On Her Own

“This is going to hurt just a little bit.”

“This is going to hurt just a little bit”

Ogden Nash was talking about the dentist’s common reassurance, but we’ve all heard it in many other contexts. And we know it’s often a false promise, a little white lie. Maybe a big one. Even so, we let ourselves be talked into believing it. Why? I think it’s because we have an innate understanding that the cost of a little pain is usually worth the payoff in the end. The hard part is remembering in the moment that the end result will make the suffering no more than a minor road bump. So here are a few examples and reminders for your day:

Yesterday, I endured a muscle therapy session. As my body was painfully stretched and massaged to loosen tense knots, I was told that all this was a good sign. It meant that the work I was doing in physical therapy (also painful!) was showing and that long-unused muscles were once again activated and working. I hurt because my body is starting to function properly and because it’s not really used to how that feels. In time, sooner rather than later, my body will normalize because I’m going through this sharper pain now. It’s like a deep massage you might grit your teeth through at a spa, to enjoy the total relaxation after.

For that matter, healthy workouts and dieting are often miserable experiences in the moment. Those of you who follow my Instagram stories know exactly how beat up I can look after a Brazilian jiu-jitsu class. It can take weeks, months, even years of suffering through soreness and hunger, through the occasional injury and the less occasional unfulfilled food craving. But then there’s that day you look at the scale or see yourself in the mirror and you realize how far you’ve come and how much you love how capable you are, how healthy you feel, so much more today than yesterday.

It’s not just physical pain that we endure, though. Difficult emotional experiences are part of every life, whether they are moments of crushing disappointment or sadness or longer periods of depression and desperation. They can be overwhelming, and sometimes you just need to curl up in a ball and cry or hide somewhere and scream your frustration. When you do, you might experience a moment of release, one that you might later realize cannot be felt in any other way except by passing through the horribleness that brought you to that point. Sometimes, the release doesn’t happen and you trudge through more and more until one day, you realize that your life is better in ways you never could have imagined in the before times, and that could only be so because of what you’ve experienced, good and bad.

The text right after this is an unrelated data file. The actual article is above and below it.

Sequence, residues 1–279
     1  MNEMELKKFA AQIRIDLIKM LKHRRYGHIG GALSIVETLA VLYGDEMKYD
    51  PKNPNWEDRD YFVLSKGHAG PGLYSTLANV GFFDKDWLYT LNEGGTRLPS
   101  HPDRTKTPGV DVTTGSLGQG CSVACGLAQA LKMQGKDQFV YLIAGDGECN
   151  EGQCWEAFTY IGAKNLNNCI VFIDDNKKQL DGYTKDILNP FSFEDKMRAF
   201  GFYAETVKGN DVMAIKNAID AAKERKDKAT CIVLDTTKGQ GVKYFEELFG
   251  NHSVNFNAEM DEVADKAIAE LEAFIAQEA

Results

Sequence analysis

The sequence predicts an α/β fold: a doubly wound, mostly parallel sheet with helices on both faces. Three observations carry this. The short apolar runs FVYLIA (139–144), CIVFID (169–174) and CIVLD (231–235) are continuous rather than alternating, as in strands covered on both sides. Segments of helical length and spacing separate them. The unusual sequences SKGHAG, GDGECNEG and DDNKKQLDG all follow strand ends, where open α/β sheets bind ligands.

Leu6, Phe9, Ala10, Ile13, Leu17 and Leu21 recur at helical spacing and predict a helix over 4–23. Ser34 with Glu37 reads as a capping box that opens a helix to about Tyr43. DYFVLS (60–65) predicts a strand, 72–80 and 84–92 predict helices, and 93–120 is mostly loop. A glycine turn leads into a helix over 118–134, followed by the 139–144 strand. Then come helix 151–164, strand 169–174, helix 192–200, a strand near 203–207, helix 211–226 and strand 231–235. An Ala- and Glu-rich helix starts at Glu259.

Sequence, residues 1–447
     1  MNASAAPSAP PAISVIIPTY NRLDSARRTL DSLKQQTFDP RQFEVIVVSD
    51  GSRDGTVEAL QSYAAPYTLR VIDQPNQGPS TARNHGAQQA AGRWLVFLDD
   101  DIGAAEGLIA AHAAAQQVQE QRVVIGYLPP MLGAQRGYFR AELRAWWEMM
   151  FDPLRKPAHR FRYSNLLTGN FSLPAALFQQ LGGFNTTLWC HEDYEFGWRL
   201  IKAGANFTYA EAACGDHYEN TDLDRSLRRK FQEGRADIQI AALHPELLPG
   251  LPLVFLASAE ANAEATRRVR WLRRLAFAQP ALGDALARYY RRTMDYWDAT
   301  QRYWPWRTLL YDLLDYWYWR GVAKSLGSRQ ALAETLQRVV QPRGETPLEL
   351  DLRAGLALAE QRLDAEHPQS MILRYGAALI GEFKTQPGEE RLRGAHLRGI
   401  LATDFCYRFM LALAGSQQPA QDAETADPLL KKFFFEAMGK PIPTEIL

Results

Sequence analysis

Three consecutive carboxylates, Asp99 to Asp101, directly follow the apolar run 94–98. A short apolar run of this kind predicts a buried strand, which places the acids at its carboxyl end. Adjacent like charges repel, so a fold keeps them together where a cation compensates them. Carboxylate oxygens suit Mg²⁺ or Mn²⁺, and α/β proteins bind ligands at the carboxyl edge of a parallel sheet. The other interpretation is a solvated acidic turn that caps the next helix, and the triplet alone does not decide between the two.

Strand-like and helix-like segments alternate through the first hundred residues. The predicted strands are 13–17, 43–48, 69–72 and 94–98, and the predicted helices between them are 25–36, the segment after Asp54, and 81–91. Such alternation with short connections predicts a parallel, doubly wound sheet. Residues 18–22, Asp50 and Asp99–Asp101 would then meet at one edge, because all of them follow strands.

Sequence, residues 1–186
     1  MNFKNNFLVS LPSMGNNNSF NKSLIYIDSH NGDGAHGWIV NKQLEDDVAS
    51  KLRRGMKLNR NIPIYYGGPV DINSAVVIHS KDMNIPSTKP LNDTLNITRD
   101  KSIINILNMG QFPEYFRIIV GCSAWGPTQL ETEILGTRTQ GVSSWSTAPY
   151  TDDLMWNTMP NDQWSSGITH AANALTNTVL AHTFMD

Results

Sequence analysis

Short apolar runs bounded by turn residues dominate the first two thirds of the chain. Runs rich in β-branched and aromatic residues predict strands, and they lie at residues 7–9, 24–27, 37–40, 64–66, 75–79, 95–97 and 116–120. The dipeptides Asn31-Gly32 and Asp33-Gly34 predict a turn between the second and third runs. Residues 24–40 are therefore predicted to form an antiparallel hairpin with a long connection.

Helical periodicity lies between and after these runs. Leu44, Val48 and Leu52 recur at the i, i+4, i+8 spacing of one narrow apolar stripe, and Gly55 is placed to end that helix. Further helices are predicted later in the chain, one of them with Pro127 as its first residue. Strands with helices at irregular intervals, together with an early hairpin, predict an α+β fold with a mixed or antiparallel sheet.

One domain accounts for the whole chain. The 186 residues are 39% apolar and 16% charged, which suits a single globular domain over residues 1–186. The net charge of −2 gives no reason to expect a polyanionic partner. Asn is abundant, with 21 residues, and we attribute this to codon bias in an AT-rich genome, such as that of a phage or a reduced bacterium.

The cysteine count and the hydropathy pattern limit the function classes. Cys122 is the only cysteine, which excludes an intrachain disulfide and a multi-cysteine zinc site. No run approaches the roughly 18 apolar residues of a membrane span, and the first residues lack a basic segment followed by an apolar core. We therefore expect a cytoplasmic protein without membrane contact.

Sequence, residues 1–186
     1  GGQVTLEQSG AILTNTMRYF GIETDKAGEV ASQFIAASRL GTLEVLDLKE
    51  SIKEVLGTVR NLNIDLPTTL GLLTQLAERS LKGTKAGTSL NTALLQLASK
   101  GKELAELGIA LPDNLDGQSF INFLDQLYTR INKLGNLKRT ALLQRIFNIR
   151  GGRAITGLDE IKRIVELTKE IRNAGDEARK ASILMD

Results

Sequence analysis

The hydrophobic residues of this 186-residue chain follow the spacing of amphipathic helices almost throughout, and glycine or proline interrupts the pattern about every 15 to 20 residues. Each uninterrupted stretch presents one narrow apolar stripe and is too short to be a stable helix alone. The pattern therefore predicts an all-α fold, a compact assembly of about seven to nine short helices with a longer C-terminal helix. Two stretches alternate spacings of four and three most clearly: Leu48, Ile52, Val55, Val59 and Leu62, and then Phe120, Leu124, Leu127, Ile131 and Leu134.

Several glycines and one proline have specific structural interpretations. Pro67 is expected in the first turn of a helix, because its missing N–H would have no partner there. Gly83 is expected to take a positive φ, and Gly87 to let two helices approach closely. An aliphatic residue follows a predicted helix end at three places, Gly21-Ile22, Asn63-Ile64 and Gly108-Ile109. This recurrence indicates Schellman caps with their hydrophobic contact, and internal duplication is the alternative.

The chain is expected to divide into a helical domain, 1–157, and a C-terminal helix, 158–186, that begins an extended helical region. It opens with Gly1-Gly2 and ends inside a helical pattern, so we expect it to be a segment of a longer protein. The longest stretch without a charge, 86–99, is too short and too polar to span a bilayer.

Think, too, of when you’ve cut a toxic person out of your life or hit on a big breakthrough in therapy. Or that time you added hours to your schedule to pursue a degree or certification part-time, or take an extra job or work on your side hustle so that you could learn the skills or make the money to improve some aspect of your life. The struggles may have been voluntary, but no less for that. More, perhaps, because you did it to yourself, perhaps knowing how bad it could get. Or maybe you underestimated it, but still, you were the one who decided that an emotional, mental, and monetary cost must be paid. It probably sucked during that period of your life, but how about after?

It’s hard to remember while we’re going through those tough times that there’s something worthwhile on the other end. All we can do is keep struggling through it, in the hope – the knowledge – that it really is just a little bit of pain compared to the end payoff. Do the work. You’ve got this.

Hi, I'm Annette.

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